Last week, we introduced Nikita Guslistov, the 18-year-old Severstal forward who became the youngster Russian to score a KHL hat-trick. This week, he has a new record: the youngest player to captain a KHL team. It happened in St. Petersburg on Jan. 27 when the Steelmen sent out a youthful roster to play SKA and head coach Andrei Razin named Guslistov as captain for the night. Aged just 18 years, 242 days, he was more than a year younger than the previous record holder, Vladimir Tarasenko, who led Sibir just a couple of weeks after his 20th birthday. At the other end of the scale, Pavel Datsyuk is steadily rewriting the mark for the oldest captain in KHL history. Earlier this season he overtook Sergei Fyodorov, who wore the ‘C’ on his final Metallurg appearance at the age of 42 years, 100 days. Datsyuk is still going strong and was 192 days past his 42nd birthday when he made his most recent appearance for Avtomobilist.
Vityaz forward Kaspars Daugavins collected his 45th point of the season in Monday’s 3-0 victory over Kunlun Red Star to become the top-scoring Latvian player in a single KHL campaign. The 32-year-old struck on the power play midway through the second period to overtake the previous mark, set by Andris Dzerins.
Slovak defenseman Michal Cajkovsky is better known for stopping goals than scoring them — but on Friday he turned into a lethal marksman. The blue liner scored Dynamo Moscow’s first three goals in a 4-0 win over HC Sochi and potted them all in quick succession in the first 10 minutes of the second period. It’s the 28-year-old first hat-trick in the KHL and brought up 100 points in some style.
Evgeny Ketov isn’t the most illustrious name on SKA’s roster, but he holds a special record. Nobody has scored more short-handed goals in the KHL. On Saturday, he potted his 20th goal on the PK, streaking down the ice after a turnover to score Spartak in the Army Men’s 5-0 victory. Meanwhile, Traktor is still the team with the most short-handed markers this season on 12, but Salavat Yulaev’s record of 18 looks safe for another year.
Sergei Mozyakin keeps writing history. His latest highlight arrived on Jan. 26, when he scored his 1,200th point in top-flight Russian hockey. That marker arrived almost exactly 20 years after his Superleague debut on Jan. 24, 2001; he got his first point the same day with an assist for Sergei Zimakov. In total, he compiled 284 points in the Superleague and has a further 916 in the KHL, making 1,200 altogether. That’s an all-time Soviet and Russian record, and by some margin. Second on the list comes Danis Zaripov, with 960 points, with Vadim Shipachyov (721 points) in third place.
With a month of the regular season remaining, almost half of the available playoff places are taken. This week saw SKA and Lokomotiv join CSKA in the West, while Salavat Yulaev and Metallurg joined Ak Bars and Avangard in the East. The race in the Eastern Conference seems to be coming to an end — ninth-placed Sibir is not out of it but needs to make up 11 points from just eight games. In the West, though, we’re looking at a fascinating battle with Spartak in ninth currently level on points with Vityaz in the final playoff berth.
In the absence of this year’s All-Star Week, the KHL was determined to find a new way to celebrate with fans all over the world. With safety in mind, it needed to be an event that could be enjoyed remotely; with the teams embroiled in a playoff race, it also needed to be light-hearted but without distracting our star players from the job at hand. And so, the obvious answer was to turn to the Mascots. With 23 colorful characters from Finnish Jesters to Chinese Dragons, each steeped in the history and culture of their hometowns, who better to take charge of the entertainment and show exactly what it means to be the life and soul of the party? Throughout February, the mascots will be uploading videos where they show off their skills — on and off the ice — before coming together for a Grand Final that promises to be stuffed with surprises. You can follow the whole show online at talismania.khl.ru and tune into the final on YouTube on Feb. 21.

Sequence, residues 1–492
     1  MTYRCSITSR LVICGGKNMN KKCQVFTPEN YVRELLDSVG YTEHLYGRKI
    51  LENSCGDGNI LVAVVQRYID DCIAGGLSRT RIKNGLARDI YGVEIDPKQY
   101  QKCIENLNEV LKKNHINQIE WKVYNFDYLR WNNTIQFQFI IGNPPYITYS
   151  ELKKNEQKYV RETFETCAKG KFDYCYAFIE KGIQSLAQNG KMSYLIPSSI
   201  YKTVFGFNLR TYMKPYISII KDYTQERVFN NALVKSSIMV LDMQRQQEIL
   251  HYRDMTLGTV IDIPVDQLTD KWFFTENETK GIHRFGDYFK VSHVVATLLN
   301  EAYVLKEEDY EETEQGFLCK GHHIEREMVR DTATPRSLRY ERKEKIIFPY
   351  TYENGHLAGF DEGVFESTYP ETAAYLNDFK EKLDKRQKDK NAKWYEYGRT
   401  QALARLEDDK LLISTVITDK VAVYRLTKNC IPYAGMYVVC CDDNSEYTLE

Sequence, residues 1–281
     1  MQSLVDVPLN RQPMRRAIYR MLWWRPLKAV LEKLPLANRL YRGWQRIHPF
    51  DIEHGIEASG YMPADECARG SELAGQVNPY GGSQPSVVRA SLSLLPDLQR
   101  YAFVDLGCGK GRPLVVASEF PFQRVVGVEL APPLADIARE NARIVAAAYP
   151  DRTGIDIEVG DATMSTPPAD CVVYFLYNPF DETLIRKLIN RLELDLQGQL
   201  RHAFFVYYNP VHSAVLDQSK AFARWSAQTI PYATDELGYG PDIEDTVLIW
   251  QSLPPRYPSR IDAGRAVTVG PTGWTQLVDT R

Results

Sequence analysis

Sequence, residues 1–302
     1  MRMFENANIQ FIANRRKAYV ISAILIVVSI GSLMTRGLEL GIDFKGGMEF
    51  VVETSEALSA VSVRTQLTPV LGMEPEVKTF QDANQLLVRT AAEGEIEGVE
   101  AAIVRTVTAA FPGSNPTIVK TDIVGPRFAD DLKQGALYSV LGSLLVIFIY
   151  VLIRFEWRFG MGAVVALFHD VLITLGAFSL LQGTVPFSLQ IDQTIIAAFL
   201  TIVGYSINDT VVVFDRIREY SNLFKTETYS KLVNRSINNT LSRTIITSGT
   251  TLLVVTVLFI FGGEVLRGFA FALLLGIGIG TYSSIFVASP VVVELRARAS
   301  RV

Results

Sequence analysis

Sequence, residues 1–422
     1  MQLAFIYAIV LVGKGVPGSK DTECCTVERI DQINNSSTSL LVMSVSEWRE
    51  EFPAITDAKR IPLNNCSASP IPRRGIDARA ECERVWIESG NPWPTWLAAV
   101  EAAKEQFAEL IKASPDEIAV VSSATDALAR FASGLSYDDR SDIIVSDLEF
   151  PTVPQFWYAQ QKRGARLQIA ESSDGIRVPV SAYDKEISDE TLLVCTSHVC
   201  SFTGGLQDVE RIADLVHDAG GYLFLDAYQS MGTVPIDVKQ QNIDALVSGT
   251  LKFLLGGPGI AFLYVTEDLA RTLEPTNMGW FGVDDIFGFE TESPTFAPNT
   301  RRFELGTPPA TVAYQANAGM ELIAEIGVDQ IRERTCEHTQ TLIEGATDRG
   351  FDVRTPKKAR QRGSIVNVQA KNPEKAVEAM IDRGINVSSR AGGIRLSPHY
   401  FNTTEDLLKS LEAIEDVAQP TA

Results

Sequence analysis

For the second time this season, Igor Larionov will be behind the bench for Team Russia during the Euro Tour. In November, he took his juniors to the Karjala Cup in Helsinki and pulled off a sensational victory against the adult teams of Finland, Sweden and the Czech Republic. Now he’s standing in for Valery Bragin once more, with another roster that draws heavily on the youngsters at the World Juniors in Edmonton last month. This time, though there are call-ups for some older players. Sergei Shmelyov, who set a record scoring streak for Sochi last week, is involved, as is Torpedo’s record-breaking goal-getter Damir Zhafyarov. The next stage of the tournament is in Sweden and runs Feb. 11-14.
The second edition of ‘Babes on Fire’, a hockey interview show with a difference, features two stars from KRS Vanke Rays. Goalie Kimberly Newell and forward Alexandra Vafina took time out from defending the team’s Women’s Hockey League title to join presenter Darya Mironova for some unusual questions — and were joined by some special guests from the KHL.
16-year-old Russian prospect Matvei Michkov continues to tear up the Junior Hockey League. During the week, his SKA-1946 team thrashed Riga 7-0, and Michkov potted a hat-trick — his first at junior level. Moreover, the youngster is closing on the leaders in the goalscoring race and is now just two goals from top spot.
Матвей Мичков снова в топе снайперов Вчера нападающий СКА-1946 оформил свой первых хет-трик на молодежном уровне и теперь всерьез претендует на лидерство в снайперском топе МХЛ - пока Мичков отстает от первого места всего на 1 гол #ЛигаСильных pic.twitter.com/992AsTyhew— Молодежная Хоккейная Лига (@MHL_rus) January 29, 2021